II Samuel 14-15
You will hear ministers talk about the “Absalom spirit” in the church. As you read these passages, you will see why that spirit is so detrimental to God’s plans.
Absalom has nothing really to offer the people but a big ego. Yet he stands at the gate and tries to lure them into following him. “The king doesn’t really care for you like I do,” is the jist of what he would say. Seduction personified. “Your life will be better if you follow me.”
Many church splits have occurred with this spirit dominating the action. Someone gets lifted up in pride, thinking that they can do a better job than the current leader. Usually when someone is in such pride, they don’t make good leaders at all – and the outcome is devastating.
So as Absalom leads a rebellion against David, the king quickly leaves town, entrusting himself to God. Of course, he is hurt over his son’s attempted overthrow, but his attitude is one of complete trust.
He says, “If I find favor in the eyes of the Lord, then He will bring me back again…But if He should say thus, ‘I have no delight in you,’ behold, here I am. Let Him do to me as seems good to Him.”(15:25-26)
There is a book entitled A Tale Of Three Kings, in which author, Gene Edwards contrasts the attitudes of Saul, David, and Absalom. Interestingly, the king who trusts himself to God’s hand when Saul is chasing him, also entrusts himself to God when his son is overthrowing him.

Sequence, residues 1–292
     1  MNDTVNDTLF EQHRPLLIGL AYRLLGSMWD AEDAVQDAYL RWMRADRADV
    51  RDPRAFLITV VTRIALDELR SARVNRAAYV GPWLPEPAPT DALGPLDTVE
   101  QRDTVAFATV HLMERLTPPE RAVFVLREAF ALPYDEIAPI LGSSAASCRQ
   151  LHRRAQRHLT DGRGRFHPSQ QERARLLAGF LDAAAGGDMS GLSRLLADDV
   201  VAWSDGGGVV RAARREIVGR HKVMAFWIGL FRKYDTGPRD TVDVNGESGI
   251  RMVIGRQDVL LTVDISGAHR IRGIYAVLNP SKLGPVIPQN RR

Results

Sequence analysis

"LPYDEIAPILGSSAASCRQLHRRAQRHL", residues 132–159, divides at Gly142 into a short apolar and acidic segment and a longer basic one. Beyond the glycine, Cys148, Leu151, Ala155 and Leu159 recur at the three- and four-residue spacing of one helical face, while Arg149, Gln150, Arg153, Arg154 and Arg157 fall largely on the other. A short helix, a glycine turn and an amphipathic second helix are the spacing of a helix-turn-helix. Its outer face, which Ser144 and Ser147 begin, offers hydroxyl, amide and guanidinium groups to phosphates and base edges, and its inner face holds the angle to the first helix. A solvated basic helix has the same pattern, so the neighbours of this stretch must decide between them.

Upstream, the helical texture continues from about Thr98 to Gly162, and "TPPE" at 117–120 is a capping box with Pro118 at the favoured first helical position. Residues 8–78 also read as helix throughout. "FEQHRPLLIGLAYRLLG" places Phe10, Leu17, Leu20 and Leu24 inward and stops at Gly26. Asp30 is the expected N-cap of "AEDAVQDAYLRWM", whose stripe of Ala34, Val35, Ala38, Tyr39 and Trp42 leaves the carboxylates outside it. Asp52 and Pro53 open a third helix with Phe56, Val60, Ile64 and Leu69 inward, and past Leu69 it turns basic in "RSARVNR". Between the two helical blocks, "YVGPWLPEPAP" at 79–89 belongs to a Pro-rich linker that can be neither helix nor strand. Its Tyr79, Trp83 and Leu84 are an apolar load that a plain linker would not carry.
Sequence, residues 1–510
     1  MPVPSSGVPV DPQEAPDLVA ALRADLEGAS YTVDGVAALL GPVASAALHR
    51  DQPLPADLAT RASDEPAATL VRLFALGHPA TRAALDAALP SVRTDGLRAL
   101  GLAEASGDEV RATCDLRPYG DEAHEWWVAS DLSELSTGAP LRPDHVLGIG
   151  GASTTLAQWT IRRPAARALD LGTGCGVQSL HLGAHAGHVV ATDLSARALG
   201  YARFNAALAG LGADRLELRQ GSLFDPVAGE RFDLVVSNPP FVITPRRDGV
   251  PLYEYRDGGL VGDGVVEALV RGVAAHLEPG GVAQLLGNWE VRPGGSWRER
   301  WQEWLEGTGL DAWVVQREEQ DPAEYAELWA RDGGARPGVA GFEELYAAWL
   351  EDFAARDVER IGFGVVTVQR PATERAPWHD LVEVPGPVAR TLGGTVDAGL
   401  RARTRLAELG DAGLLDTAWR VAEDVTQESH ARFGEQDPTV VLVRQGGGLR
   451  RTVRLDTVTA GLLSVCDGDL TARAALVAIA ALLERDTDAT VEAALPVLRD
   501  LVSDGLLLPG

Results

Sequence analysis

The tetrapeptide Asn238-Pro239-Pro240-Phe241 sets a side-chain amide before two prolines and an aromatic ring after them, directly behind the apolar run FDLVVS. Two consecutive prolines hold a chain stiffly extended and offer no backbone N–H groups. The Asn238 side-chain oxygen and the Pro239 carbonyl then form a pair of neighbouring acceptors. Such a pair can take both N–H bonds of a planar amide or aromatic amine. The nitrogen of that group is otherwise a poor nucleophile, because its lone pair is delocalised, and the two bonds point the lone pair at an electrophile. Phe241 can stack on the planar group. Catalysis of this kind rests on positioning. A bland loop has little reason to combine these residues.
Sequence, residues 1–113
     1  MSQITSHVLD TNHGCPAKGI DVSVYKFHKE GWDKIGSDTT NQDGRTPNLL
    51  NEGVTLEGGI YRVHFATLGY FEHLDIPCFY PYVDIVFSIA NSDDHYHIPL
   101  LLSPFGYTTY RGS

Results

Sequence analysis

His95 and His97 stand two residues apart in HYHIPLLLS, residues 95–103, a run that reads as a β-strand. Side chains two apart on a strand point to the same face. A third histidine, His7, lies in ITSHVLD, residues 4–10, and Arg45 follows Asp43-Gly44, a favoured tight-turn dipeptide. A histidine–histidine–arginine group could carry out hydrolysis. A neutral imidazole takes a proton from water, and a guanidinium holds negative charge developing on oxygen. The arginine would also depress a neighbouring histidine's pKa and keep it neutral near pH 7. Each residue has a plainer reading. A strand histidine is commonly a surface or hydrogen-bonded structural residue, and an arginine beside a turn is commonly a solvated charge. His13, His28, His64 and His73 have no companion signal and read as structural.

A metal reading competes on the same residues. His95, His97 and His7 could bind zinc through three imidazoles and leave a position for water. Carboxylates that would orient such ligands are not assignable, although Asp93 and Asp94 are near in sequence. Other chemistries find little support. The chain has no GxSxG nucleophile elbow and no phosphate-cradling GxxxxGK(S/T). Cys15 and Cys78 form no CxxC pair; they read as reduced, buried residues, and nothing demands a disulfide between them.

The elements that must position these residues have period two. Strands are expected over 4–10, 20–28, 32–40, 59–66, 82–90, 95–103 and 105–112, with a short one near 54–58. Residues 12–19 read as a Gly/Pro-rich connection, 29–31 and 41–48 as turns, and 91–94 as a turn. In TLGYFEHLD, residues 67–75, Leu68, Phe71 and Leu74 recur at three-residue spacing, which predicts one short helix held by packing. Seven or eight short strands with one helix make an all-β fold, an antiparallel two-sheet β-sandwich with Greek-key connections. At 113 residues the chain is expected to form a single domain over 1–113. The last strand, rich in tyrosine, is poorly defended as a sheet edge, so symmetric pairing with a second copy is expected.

David’s humility when under attack is the key to his victory. In each situation, as others are exalting themselves, he is throwing himself on God’s mercy.
Such godly character! Such a role model for any in leadership today.
When God exalts you, you stay exalted. We’ll see the outcome tomorrow!
“If you had faith like a mustard seed, you would say to this mulberry tree, ‘Be uprooted and be planted in the sea;’ and it would obey you.”(v.6)
The rewards of great faith are promised us, but Jesus gives an unusual illustration concerning the slave just “performing his duty.” After the performance of duties, just say, “we have done only that which we ought to have done.”(v.10)
One time, as I had just received a tremendous answer to prayer, I was rejoicing greatly. In fact, I was sharing with many people the results of my victory.
As I was sharing, the Lord began to speak to me. He said, “It’s not your great faith; it’s your faith in a great God.”
Ouch! I began to see that I was being prideful, as if my faith had brought the results.
When we see our Father the right way, we don’t think of ourselves as high in any way. He is the One who is high. He is the One who answers our prayers. He is the One who can accomplish all things for us.
All you and I are doing is believing in the great God Who was and is and is to come. All glory goes to Him.